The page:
METRO REPLACEMENT OF BRADFIELD, BY DECEITFUL IMPOSITION OF A REDUCED TUNNEL DIAMETER, WITHOUT ELECTORAL OR PARLIAMENTARY LEGITIMISATION
The annihilation of the Rail Union was the general assumption re Berejiklian’s motivation, by the State Press Gallery, if so, this was the worst way to do it and inherently political, so $20 billion should be billed to the Liberal Party. Christie’s and Greiner’s way was both more productive and lower risk. Showed that the June/July 2012 Berejiklian/IPA/TTF cabal was both dishonest and incompetent.
The media were oblivious, with several reporters culpable of bias. Berejiklian’s bus reforms strengthened the Union, again a sign of political ineptitude.
The deceit has continued with the 2nd Harbour Crossing starting as a double-deck-capable diameter but being reduced to 7 metres, single-deck, the Metro FAQ advice service not knowing when that decision was taken.
The need for due diligence assessments of the 40% suffocation of the Bradfield CityRail network was raised with Turnbull on 8 August 2017 but there has been no visible action from NSW or Fed Treasury, DIRD or iA.
As with the Bankstown, West and other Metros, such specifics have been excluded but should not have been:
- value of travel time savings being 14% of claimed benefits (noting reservations expressed in Peter Self’s “Nonsense on Stilts” and BTE/BTCE reports etc) – pp 64/70 of Bankstown Summary Business Case are inadequate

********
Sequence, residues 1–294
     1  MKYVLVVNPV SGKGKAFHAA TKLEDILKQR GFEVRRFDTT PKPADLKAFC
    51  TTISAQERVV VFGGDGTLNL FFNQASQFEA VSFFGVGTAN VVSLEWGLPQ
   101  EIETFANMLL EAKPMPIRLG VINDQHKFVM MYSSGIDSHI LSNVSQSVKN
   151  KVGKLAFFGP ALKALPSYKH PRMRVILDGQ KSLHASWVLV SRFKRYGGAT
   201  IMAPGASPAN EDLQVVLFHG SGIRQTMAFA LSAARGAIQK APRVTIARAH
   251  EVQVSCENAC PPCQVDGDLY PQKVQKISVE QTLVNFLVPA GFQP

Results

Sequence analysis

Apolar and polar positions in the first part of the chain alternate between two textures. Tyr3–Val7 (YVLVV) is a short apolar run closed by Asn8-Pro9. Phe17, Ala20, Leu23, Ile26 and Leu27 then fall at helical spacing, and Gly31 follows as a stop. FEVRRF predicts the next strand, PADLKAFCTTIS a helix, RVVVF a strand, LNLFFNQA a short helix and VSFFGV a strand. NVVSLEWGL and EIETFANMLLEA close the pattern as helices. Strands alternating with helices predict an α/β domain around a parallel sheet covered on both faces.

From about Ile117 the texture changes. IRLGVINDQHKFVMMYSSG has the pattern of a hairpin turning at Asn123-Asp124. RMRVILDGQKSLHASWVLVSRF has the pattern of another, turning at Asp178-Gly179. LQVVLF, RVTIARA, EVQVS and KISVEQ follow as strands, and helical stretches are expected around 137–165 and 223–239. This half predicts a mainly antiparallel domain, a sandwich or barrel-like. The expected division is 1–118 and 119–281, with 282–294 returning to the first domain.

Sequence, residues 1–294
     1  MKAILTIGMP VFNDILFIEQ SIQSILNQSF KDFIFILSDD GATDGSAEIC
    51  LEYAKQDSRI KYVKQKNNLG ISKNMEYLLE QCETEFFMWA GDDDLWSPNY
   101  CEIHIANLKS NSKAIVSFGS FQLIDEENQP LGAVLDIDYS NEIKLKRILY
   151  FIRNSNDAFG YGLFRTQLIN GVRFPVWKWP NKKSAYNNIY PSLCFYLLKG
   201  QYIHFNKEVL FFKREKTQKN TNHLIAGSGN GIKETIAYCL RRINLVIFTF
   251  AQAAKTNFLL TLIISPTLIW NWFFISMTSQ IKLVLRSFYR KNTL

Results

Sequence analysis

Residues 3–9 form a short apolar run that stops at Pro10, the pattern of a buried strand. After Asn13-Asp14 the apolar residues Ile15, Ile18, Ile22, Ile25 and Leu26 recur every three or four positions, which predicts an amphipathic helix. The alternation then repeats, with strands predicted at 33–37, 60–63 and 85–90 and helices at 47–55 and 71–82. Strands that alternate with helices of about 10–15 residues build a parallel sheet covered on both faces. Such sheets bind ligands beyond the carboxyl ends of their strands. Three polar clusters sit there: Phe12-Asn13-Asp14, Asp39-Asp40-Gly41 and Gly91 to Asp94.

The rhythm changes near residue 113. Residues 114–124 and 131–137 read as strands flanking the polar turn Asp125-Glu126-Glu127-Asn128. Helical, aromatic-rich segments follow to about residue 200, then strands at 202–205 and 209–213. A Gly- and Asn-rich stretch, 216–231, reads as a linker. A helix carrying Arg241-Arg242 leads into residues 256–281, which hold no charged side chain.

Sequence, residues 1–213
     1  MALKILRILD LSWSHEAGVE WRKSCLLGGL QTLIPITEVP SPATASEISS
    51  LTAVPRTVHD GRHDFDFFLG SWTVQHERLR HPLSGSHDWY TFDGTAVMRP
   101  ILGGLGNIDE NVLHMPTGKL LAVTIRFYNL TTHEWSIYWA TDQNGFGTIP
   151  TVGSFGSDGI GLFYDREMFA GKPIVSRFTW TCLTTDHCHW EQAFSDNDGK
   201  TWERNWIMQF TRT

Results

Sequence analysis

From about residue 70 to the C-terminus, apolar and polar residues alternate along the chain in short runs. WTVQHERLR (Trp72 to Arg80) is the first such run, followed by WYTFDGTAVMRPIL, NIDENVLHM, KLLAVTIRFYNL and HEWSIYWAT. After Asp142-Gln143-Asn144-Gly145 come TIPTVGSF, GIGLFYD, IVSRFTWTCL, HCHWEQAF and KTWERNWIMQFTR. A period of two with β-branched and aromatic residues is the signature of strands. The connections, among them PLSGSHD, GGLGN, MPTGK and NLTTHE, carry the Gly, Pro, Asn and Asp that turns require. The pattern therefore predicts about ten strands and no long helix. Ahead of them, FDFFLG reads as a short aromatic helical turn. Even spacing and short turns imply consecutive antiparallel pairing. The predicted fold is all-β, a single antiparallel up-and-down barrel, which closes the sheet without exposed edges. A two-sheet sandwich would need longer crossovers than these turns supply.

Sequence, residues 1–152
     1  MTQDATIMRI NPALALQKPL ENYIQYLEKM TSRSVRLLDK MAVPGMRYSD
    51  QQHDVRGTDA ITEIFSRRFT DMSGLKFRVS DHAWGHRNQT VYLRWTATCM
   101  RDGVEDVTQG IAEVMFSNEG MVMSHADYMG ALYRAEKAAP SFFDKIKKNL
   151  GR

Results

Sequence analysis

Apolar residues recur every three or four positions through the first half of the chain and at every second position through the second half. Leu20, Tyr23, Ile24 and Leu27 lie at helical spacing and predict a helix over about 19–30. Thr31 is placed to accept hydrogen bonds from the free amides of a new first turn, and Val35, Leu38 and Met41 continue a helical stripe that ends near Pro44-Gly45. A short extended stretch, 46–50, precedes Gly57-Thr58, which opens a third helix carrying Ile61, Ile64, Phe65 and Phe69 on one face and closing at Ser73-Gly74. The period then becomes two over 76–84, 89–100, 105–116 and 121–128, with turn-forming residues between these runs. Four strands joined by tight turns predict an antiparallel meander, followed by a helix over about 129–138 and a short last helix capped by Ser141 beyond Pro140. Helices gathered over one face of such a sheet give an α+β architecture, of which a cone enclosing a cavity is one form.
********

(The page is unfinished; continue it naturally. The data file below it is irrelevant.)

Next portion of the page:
- effects of high standing ratios over medium-to long commute distances and of station herding mechanisms – after all, the Bankstown station zones were being reconstructed at great expense for such herding without community engagement about loss of the “Australian Way” at suburban locations)
- value of real estate upgradings to private owners – p 73 shows this as productivity but this is very contentious (see AECR critique)
- value of real estate upgradings to UGNSW and other State agencies
- value of consequential financial, operational and strategic damage to the Bradfield heavy rail system
- congestion effects of axial densification and deprivation of “terrace” zones (slight mention on 36 is a waste of space)
- affordability effects of densification v terraces/ medium density
- “heat sink” effects as per UNSW research
- damage to businesses, schools and hospitals, and other important facilities from diversion of services away and/or deprivation of new services available to competitors
- use of train services v seats/passengers due to metros’ publicly questioned capacity.
It is here hypothesised that the farebox revenue is irrelevant to the project and real estate speculation by metro operators and others is the key driver – not revealed in meaningful terms, with the contingent subsidies in the forms of closure of Bradfield lines and investment in underground Melbourne-type trains with no increased capacity, to overseas investors.